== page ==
A Dream Come True?
Before HDTV, the idea of using a TV as a monitor, as interesting as it seemed, was a non-starter. The reasons aren’t completely obvious, and didn’t dawn on me when I was young and first encountered PCs. Playing Oregon Trail, I wondered - why were we using it with this useless little thing? Why not hook it up to my grandfather’s 40" tube TV? Everything would be so much bigger!
What I didn’t know about was resolution, or the number of pixels that are fit into a screen. The term “pixel” is actually not entirely relevant to traditional tube TVs, but since an explanation of why would require a significant detour, I’ll simply say that tube TVs have a resolution of about 640x480. That is very low, and when a resolution that low is spread across 40 inches, it becomes impossible to make sense of things that are important to the PC experience. Like small, easily distinguishable text.
But then, around the turn of the century, HDTV was announced. Suddenly, the old dream of using a massive TV as a computer monitor was revitalized. Unlike old tube TVs, HDTVs promise high resolutions - resolutions similar to what computer monitors use. Does this mean that dream is at last a reality? Well, yes - and no. Using an HDTV as a monitor is fairly easy to do, and can, in certain situations, be a good choice. But there are downsides, as well - and considering the price of HDTVs, it is best to be well versed in them before you buy.
Higher Resolutions, But Not High Enough
Most HDTVs have a resolution of 1280x720 (720p), 1920x1080 (1080i/p) or 1366x768, which is also generally designated as being 720p. These resolutions are significantly similar to what can be found on computer monitors, although not exactly the same, as widescreen HDTVs use a 16:9 aspect ratio, while most monitors use 16:10. The higher resolutions of HDTVs allow them to display a much finer picture than possible on standard tube TVs. At first glance, then, you would think that modern HDTVs, with resolutions so similar to computer monitors, would be easy to use with a computer.
Unfortunately, that isn’t always the case. Size matters, and the larger the television set in compared to the resolution, the less fine the image will become. When watching Jackie Chan beat down thugs with a trashcan lid, this isn’t noticeable. But when viewing small text, like what might be on a website, the limitations become easier to see. Sure, a 42" television offers a resolution of 1920x1080. But the similar monitor resolution - 1920x1200 - is commonly reserved for 24" monitors. 42" is much bigger than 24", but both have the same resolution. That means the pixels are larger.
This means is that when viewing things that require very small pixels, like a text document or a web page, an HDTV tends to flunk out. Even when using large text, anti-aliasing, and other methods to mitigate the problem, it is still unlikely that any HDTV will serve very well as a tool for doing work. Also, although the 42" television may be much larger than the 24" monitor (and much more expensive, as well) you won’t be able to do more with it. They have a similar resolution, and it is the resolution, not the physical dimensions of the display, which determine how much you can view at once. In other words, if you’re planning to buy an HDTV to, say, use Photoshop or edit web pages, forget about it. You’d be wasting your money.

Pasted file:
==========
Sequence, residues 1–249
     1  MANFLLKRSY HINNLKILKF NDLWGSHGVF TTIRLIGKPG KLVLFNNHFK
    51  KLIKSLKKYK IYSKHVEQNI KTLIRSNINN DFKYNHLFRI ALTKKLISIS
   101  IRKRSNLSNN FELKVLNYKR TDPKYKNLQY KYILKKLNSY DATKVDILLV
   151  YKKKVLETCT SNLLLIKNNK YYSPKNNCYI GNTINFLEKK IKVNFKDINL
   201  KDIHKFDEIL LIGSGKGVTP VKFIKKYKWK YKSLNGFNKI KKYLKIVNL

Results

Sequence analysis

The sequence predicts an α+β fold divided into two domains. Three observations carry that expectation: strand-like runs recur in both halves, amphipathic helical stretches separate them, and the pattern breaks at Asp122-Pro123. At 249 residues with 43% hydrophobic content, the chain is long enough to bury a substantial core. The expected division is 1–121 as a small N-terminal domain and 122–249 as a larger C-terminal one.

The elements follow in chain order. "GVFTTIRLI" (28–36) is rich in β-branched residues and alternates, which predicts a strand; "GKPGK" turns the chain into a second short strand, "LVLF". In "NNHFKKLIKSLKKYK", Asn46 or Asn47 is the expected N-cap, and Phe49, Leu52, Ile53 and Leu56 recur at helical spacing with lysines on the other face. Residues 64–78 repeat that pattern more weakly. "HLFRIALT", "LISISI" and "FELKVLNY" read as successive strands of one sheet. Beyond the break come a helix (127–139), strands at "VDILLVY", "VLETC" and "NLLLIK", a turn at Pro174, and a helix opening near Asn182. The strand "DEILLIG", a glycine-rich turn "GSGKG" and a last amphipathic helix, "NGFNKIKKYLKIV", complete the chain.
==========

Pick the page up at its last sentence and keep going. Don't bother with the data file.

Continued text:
HDTV: What Is It Good For?
Now that we’ve aired that dirty laundry and scored a solid hit against the dream of using a TV with a computer, let’s talk about the advantages of HDTVs, and one advantage in particular - the fact that an HDTV is, uh, a TV.
Monitors are great for viewing text or other things that require a very fine image. But when viewing video or even playing games, the high resolution can be a nuisance. Every little artifact in a video stream stands out like a polar bear in the Florida keys - watching low-resolution video in full-screen is a hideous affair that is best avoided. Games also suffer, in a way, from high resolutions on relatively small displays, due to the amount of GPU horsepower required to pump out high-resolution graphics and the relative ease of modern anti-aliasing. It is less demanding on a GPU to run a game at 720p with anti-aliasing turned on than it is to run a game at 1080p.
This is where HDTVs swoop in. High-definition televisions may be glorified for their high-resolution displays, but they are more than just jumbo-sized PC monitors with an attitude. HDTVs have a lot of processing power hidden inside them, and that power is used to compensation for problems in image quality. While a monitor just displays whatever it is fed, a HDTV will process the data and, if it finds the resolution is low, it will attempt to compensate. As a result, low-resolution video is far more tolerable on an HDTV than on a monitor. Considering how many TV shows can be streamed to your PC these days - at laughably low resolutions, in most cases - an HDTV is a nice thing to have hooked up to your rig.
Making The Choice
So, there you have it. You can use an HDTV as a monitor. But you should use it only if you plan on using it as a media monitor, rather than a primary display. If you were hoping to write emails to your folks on your HDTV set, then scram. As good of an idea as it might sound, it probably won’t work out like you’d hoped. However, if you’re planning to use your HDTV as a secondary monitor, used primarily for watching videos or playing games, then let the dream live on, and stick around - this is the first article in a series, and you’ve still got a lot to learn before you’re ready to use your HDTV as a PC monitor.
This post is part of the series: How to Use an HDTV as a Monitor
Using An HDTV as a monitor is not difficult, and is a good idea if you use for computer as a media center more often than not. But there are certain pitfalls that you must avoid, some of which can badly hurt your pocket-book should you mistakenly fall in them.